A double-blind controlled study of medications in 12 children with ADHD at New York University and Stony Brook Schools of Medicine showed that nausea, vomiting, dry mouth, tremor, headache, anorexia, lassitude, and tachycardia occurred more frequently when methylphenidate (20 mg) and desipramine (148 mg/day) were combined in therapy compared to either medication alone. [1]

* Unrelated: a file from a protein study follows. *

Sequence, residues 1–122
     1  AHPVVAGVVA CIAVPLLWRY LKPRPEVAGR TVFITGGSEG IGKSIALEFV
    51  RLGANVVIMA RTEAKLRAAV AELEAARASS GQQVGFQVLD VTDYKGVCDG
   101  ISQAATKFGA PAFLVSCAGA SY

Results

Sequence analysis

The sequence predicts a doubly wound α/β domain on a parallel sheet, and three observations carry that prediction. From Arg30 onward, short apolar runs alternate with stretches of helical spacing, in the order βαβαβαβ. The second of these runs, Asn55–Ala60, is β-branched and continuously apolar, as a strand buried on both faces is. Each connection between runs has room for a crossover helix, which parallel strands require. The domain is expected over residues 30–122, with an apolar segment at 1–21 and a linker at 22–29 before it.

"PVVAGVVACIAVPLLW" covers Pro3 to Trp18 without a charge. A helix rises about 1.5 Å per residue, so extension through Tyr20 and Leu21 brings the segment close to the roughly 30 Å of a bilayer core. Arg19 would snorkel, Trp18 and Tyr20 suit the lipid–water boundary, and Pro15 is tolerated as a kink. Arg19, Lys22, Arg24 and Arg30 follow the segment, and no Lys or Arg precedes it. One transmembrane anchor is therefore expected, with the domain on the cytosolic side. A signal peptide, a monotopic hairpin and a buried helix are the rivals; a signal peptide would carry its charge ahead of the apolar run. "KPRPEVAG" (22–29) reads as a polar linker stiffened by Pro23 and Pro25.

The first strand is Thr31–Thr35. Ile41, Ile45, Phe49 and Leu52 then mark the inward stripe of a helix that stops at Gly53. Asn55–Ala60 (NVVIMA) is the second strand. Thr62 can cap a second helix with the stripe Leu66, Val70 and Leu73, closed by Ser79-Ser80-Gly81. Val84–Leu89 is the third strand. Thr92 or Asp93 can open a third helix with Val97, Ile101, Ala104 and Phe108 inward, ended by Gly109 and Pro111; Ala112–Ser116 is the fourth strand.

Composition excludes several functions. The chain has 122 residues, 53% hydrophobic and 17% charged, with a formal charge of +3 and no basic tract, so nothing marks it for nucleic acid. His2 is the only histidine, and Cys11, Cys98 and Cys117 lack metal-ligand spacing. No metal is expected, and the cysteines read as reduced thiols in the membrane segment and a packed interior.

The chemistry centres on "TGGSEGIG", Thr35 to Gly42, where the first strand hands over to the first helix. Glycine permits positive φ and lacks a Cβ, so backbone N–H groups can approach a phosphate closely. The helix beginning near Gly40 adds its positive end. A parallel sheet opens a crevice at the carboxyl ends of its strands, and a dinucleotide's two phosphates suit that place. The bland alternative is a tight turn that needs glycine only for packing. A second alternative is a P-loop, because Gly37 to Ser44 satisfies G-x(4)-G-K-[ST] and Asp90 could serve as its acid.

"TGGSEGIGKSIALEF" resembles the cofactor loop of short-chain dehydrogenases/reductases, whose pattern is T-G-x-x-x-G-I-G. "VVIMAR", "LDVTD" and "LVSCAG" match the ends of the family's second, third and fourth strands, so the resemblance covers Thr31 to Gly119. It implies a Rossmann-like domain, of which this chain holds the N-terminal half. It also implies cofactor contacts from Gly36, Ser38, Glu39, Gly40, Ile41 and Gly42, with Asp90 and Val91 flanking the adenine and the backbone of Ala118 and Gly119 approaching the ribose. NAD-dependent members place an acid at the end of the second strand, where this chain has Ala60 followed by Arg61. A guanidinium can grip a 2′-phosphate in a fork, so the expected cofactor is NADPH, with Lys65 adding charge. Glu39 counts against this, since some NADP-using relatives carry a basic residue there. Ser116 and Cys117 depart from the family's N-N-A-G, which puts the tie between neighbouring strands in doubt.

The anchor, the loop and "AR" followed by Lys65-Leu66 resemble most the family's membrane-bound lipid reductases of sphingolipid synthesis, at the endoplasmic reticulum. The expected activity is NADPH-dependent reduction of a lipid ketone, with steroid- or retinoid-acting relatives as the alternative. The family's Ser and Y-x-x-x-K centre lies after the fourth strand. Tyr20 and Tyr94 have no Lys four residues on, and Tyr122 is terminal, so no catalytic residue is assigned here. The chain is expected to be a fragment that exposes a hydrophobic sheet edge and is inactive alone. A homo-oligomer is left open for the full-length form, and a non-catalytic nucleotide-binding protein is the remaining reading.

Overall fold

COMMENT. Behavioral improvements found with tricyclic antidepressants and the positive effects of stimulants on cognitive tasks have prompted combined drug therapy of ADHD. The authors advise larger samples and longer trials before the safety of these drug interactions may be established.